“It really comes back to why it’s happening,” Dr. Pachel says. “For any one of these issues, there might be multiple treatment options. Focusing on basic health care is a great start to at least minimizing some of these other issues. Then it’s a matter of watching your dog carefully and making that educated decision about when to have him evaluated by a veterinarian.”
Some dogs bark at things others ignore. Some bark when they're frustrated. Don't yell at your dog when she barks. That could make it worse. Obedience training can help fix frustration barking. If your dog learns to sit before she does something fun like going for a walk, she’ll learn to control her impulses. If she’s outside all day, bringing her inside for a couple of hours could help. But you may need to work with a vet or a trainer.
1. Rule out medical problems. The first step is to make sure that your puppy does not have any serious medical problems. Nutritional deficiencies caused by poor diet and/or intestinal parasitism can lead to pica which may be misconstrued as inappropriate chewing. Gastrointestinal problems may cause nausea which can trigger chewing as a coping mechanism. Therefore it is important to make an appointment with your veterinarian to rule out an underlying medical condition that may be causing or contributing to the dog chewing.
Please do not ask emergency or other specific medical questions about your pets in the blog comments. As an online informational resource, Preventive Vet is unable to and does not provide specific medical advice or counseling. A thorough physical exam, patient history, and an established veterinary-patient-client relationship is required to provide specific medical advice. If you are worried that your pet is having an emergency or if you have specific medical questions related to your pet’s current or chronic medical conditions, please contact or visit your veterinarian, an animal-specific poison control hotline, or your local emergency veterinary care center.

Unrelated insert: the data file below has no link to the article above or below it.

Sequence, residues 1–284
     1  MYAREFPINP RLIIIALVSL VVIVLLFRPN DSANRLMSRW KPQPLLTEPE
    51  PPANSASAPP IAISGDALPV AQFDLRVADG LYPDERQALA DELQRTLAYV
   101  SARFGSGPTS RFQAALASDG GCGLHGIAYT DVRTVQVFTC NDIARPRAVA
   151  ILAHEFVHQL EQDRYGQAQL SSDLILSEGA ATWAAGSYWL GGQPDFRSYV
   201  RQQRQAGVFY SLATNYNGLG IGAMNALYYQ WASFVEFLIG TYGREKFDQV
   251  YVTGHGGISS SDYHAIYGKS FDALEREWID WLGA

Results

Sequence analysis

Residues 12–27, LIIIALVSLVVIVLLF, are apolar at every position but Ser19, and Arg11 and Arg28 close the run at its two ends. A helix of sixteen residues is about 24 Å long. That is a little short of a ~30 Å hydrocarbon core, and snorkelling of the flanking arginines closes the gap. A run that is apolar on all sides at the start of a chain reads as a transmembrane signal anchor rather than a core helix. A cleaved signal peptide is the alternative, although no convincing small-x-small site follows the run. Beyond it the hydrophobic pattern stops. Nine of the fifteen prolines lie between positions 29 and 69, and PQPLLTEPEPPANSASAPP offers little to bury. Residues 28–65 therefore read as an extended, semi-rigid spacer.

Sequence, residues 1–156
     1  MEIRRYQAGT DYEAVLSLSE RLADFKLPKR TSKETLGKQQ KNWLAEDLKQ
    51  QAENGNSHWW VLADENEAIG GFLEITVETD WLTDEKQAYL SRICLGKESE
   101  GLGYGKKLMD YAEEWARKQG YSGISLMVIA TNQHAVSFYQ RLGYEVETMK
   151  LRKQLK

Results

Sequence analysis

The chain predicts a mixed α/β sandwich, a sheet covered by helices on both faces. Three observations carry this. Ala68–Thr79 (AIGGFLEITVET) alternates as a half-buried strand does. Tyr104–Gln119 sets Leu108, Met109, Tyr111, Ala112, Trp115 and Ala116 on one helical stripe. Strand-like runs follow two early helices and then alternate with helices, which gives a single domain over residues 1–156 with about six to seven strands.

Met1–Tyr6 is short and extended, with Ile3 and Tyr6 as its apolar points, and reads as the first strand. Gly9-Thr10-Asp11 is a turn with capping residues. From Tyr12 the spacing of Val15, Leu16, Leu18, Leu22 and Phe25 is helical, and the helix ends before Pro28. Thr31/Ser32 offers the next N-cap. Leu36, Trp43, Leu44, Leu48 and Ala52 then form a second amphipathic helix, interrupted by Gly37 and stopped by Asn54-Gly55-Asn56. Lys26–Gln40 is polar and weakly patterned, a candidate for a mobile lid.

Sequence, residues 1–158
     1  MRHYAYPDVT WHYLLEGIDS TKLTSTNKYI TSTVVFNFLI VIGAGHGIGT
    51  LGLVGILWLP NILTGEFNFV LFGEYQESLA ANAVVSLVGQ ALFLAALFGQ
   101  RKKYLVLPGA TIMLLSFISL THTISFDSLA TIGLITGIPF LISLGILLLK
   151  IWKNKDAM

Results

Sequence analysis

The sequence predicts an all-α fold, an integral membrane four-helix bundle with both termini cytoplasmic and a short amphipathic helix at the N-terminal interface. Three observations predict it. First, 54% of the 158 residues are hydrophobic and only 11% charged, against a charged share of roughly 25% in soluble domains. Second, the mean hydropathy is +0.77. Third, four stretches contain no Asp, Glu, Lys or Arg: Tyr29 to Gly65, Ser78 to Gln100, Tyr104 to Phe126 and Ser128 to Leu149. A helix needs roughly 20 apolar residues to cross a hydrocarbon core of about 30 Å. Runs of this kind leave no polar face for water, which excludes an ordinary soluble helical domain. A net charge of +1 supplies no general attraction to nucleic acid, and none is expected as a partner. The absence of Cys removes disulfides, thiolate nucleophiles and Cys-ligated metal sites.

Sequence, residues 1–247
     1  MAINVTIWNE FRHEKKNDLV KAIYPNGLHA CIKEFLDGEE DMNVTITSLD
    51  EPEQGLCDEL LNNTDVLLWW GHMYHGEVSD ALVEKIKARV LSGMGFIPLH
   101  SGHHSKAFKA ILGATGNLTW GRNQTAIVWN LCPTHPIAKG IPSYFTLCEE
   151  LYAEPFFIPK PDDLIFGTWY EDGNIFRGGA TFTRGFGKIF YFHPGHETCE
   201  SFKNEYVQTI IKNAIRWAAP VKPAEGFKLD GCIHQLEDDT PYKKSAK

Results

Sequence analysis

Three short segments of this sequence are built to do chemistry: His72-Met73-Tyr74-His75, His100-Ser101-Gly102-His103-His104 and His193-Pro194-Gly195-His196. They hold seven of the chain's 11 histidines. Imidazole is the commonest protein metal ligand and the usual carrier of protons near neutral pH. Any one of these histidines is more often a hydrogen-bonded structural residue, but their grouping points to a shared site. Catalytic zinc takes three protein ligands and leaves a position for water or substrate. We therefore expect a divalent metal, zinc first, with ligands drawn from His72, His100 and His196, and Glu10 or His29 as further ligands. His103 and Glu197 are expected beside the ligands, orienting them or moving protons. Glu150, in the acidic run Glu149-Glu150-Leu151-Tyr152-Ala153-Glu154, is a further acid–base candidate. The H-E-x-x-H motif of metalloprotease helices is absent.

Many dog owners swear by these chews, which can be stuffed into certain interactive toys and provide hours of chewing distraction (though some dogs will polish one off in mere minutes!). Bully sticks may be OK chew treats for your dog, it just depends on how many you give, your dog’s chews-onality, and how sterile the sticks are. Bully sticks contain a lot of calories, so don’t give too many; they can also harbor some pretty nasty bacteria, which is covered in this article in the Canadian Veterinary Journal. And they have been known to cause tooth fractures and digestive upset. (Lastly, in case you didn’t know, bully sticks are just processed bull penises … so you might not want to let your dog chew them on your bed.)